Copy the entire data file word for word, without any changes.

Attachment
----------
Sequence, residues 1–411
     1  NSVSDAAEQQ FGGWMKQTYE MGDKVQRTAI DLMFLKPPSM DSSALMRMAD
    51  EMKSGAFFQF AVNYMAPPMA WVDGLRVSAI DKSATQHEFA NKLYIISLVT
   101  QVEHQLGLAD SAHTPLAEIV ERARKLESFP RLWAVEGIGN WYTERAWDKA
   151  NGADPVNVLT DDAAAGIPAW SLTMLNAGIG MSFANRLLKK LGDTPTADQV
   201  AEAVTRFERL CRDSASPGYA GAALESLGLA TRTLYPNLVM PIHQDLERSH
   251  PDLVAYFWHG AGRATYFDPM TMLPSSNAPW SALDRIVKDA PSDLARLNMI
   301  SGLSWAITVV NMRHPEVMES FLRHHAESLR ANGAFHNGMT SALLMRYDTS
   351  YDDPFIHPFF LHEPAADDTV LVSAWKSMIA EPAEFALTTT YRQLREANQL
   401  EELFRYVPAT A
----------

Sequence, residues 1–411
     1  NSVSDAAEQQ FGGWMKQTYE MGDKVQRTAI DLMFLKPPSM DSSALMRMAD
    51  EMKSGAFFQF AVNYMAPPMA WVDGLRVSAI DKSATQHEFA NKLYIISLVT
   101  QVEHQLGLAD SAHTPLAEIV ERARKLESFP RLWAVEGIGN WYTERAWDKA
   151  NGADPVNVLT DDAAAGIPAW SLTMLNAGIG MSFANRLLKK LGDTPTADQV
   201  AEAVTRFERL CRDSASPGYA GAALESLGLA TRTLYPNLVM PIHQDLERSH
   251  PDLVAYFWHG AGRATYFDPM TMLPSSNAPW SALDRIVKDA PSDLARLNMI
   301  SGLSWAITVV NMRHPEVMES FLRHHAESLR ANGAFHNGMT SALLMRYDTS
   351  YDDPFIHPFF LHEPAADDTV LVSAWKSMIA EPAEFALTTT YRQLREANQL
   401  EELFRYVPAT A